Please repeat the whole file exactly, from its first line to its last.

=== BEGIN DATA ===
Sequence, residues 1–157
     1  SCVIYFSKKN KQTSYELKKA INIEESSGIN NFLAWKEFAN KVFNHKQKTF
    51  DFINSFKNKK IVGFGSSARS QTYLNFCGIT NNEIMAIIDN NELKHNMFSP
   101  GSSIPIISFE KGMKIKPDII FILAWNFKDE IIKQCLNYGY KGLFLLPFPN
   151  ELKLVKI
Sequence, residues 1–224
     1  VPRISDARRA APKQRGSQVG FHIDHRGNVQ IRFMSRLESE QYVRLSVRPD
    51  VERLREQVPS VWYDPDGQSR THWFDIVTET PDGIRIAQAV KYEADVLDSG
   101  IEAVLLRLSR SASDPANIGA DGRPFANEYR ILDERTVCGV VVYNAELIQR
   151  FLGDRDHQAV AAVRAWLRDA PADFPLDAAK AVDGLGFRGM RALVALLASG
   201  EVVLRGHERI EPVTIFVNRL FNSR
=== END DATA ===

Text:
Sequence, residues 1–157
     1  SCVIYFSKKN KQTSYELKKA INIEESSGIN NFLAWKEFAN KVFNHKQKTF
    51  DFINSFKNKK IVGFGSSARS QTYLNFCGIT NNEIMAIIDN NELKHNMFSP
   101  GSSIPIISFE KGMKIKPDII FILAWNFKDE IIKQCLNYGY KGLFLLPFPN
   151  ELKLVKI
Sequence, residues 1–224
     1  VPRISDARRA APKQRGSQVG FHIDHRGNVQ IRFMSRLESE QYVRLSVRPD
    51  VERLREQVPS VWYDPDGQSR THWFDIVTET PDGIRIAQAV KYEADVLDSG
   101  IEAVLLRLSR SASDPANIGA DGRPFANEYR ILDERTVCGV VVYNAELIQR
   151  FLGDRDHQAV AAVRAWLRDA PADFPLDAAK AVDGLGFRGM RALVALLASG
   201  EVVLRGHERI EPVTIFVNRL FNSR